Maximum earpiece volume is adequate.

Like most HSDPA devices, the Bold’s battery life in HSDPA mode isn’t so great. That said most users should be able to make it through the day with juice to spare – that’s good.


It’s been a while since I’ve used a Blackberry, that said I enjoyed using the Bold. With the exception of the BIS/IMAP thing I mentioned, messaging on the Bold is straight forward and pleasant. While I’m not crazy about the trackball, it works well and the menu is easy to use and very consistant. I liked the way the music player uses the keyboard (how you can quickly search for songs). The html browser is a huge step up from previous ‘berries but the fact that it can only handle one page at a time plus the connectivity issues I experienced with RIM’s servers kind of ruined it for me.

The leatherette back is a real conversation starter. Everyone that has never seen a Bold before loved it.

The display is really nice and it’s high resolution is perfect for it’s size.

Yeah, despite the connectivity issues and average sound quality, I really liked the Bold. If you’re looking for a ‘berry and can fork out the cash – get a Bold. If you’re looking to upgrade your Blackberry and want a keyboard, the Bold is the one to get. It’s got all the features of the previous ‘berries plus an awesome screen and a slick back.

Howard Chui

11 comments September 26th, 2008

n95 8gb and the City: My trip to New York

Traveling with my n95 8gb.

So my wife and I recently had a chance to visit New York. Now I really like New York and have been there a few times in the last couple of years. One problem we always have is finding our way around.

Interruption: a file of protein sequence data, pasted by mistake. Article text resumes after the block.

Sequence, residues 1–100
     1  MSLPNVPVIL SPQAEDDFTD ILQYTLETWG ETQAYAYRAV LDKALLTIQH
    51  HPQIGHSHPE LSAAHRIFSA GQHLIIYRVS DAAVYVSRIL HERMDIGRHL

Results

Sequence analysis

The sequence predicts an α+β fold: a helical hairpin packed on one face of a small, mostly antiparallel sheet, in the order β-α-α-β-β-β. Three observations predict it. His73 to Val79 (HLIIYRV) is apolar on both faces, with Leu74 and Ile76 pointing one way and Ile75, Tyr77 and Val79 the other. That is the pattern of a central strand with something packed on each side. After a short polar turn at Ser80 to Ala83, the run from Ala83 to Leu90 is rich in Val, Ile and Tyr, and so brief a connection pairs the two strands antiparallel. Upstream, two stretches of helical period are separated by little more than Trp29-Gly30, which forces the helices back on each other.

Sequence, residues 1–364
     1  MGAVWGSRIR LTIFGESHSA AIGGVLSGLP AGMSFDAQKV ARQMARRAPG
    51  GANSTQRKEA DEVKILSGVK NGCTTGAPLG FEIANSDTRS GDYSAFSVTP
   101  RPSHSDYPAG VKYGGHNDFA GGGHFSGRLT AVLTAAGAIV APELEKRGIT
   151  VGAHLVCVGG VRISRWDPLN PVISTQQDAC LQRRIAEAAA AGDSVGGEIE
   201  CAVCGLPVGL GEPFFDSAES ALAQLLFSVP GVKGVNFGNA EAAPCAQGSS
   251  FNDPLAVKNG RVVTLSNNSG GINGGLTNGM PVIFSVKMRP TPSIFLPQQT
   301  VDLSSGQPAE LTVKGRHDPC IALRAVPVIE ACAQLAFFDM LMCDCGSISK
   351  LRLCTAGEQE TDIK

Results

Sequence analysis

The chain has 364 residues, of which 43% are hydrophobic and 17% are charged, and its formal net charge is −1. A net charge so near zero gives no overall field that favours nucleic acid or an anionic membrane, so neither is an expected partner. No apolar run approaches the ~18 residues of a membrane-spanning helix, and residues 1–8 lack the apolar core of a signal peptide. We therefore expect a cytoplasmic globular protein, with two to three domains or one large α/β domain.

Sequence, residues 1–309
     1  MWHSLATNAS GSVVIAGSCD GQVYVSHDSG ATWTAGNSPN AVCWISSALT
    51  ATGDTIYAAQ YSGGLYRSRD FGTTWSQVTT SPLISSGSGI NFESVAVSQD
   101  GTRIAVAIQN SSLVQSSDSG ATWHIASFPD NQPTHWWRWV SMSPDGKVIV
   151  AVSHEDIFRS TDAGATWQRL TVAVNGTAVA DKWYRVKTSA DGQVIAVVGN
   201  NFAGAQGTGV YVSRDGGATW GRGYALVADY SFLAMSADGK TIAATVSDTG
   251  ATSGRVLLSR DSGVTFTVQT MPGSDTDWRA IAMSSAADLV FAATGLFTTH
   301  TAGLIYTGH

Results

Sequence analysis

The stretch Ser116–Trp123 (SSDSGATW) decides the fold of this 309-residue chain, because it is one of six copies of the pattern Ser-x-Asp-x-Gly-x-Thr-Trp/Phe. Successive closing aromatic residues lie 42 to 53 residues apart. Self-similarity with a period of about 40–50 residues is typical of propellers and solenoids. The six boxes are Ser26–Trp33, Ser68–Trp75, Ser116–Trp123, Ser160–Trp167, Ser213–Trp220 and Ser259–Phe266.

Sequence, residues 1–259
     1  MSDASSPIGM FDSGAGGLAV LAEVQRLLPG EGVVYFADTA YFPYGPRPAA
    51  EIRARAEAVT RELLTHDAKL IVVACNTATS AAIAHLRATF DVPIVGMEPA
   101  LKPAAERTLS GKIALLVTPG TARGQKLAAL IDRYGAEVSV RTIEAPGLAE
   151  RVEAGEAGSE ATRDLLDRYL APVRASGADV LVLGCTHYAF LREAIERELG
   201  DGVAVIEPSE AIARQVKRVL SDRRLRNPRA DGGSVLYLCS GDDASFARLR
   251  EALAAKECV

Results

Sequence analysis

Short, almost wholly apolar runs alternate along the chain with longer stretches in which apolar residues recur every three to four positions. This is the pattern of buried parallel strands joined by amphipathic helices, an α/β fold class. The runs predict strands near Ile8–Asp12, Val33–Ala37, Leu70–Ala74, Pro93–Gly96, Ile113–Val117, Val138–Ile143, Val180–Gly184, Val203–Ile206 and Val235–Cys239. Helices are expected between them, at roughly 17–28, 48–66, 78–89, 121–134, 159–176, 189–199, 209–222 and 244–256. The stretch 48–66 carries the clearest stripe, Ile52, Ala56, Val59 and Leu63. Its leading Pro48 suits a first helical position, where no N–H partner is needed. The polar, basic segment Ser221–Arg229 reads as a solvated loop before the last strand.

Since we don’t have a helicopter or a driver we usually take the subway. The problem with this is that it’s often disorienting to come above ground and then have to figure out which direction we have to go (remember, we’re not from New York).

Now, you can bet that I’ll try to use technology to solve this problem. The first time (a few years ago) I brought a bluetooth GPS receiver, a WM device (I don’t remember if it was a Smartphone or a Pocket PC) and the Navigation software CoPilot. The combo worked horribly and I could never get a GPS fix. Long story short we had to resort to using a Map.

Later I brought a Nokia n95. Since I’m from Canada I didn’t want to pay for data roaming so I used Nokia Maps (version 1) with the built-in GPS only. It also almost never worked. Luckily I also brought a compass and a map. I had previously loaded the Map of New York on my n95 so that plus the compass helped us get around. Old school meets new school.

This brings us to the latest trip. Before I go into details, let me give you some more insight into how we travel. Since we’ve already been to New York a few times we’re not that interested in sight seeing. We wanted to eat good food. I’m pretty picky in that food I eat has to taste really good. Yeah, I’m the bastard that points out that something is too salty when everyone else at the table is raving about their food. Previous trips, we’ve always been unsatisfied with the food we’ve eaten. The other thing we wanted to do was not spend $250 a night on a hotel. Manhattan is a cramped place and paying at least $250 a night for a hotel is not uncommon. Lastly we wanted to go shopping. I wasn’t planning on buying too much but my wife had a few things on her list plus it’s always fun to look.

First off, I downloaded the maps of New York to my Nokia n95 8gb. I’m talking about the latest ones from Navteq. The maps take up less space which seem to help Nokia Maps 2.0 to load faster. I also paid the $7.99 for 30 days of walking navigation. Secondly, I got a AT&T GoPhone SIM with unlimited Medianet so I could use AGPS along with the built-in GPS. I actually got a Motorola c168 plus $25 airtime for $35 + tax at RadioShack! Thirdly, I went to the MTS webpage and saved an image of the New York Subway map to my n95. Now there are 2 maps, one is a regular image, this isn’t the one you want because it doesn’t have all the streets on it. You want the PDF one. I loaded the PDF one, screen capped it, scrolled, screen capped more and then stitched the images back together.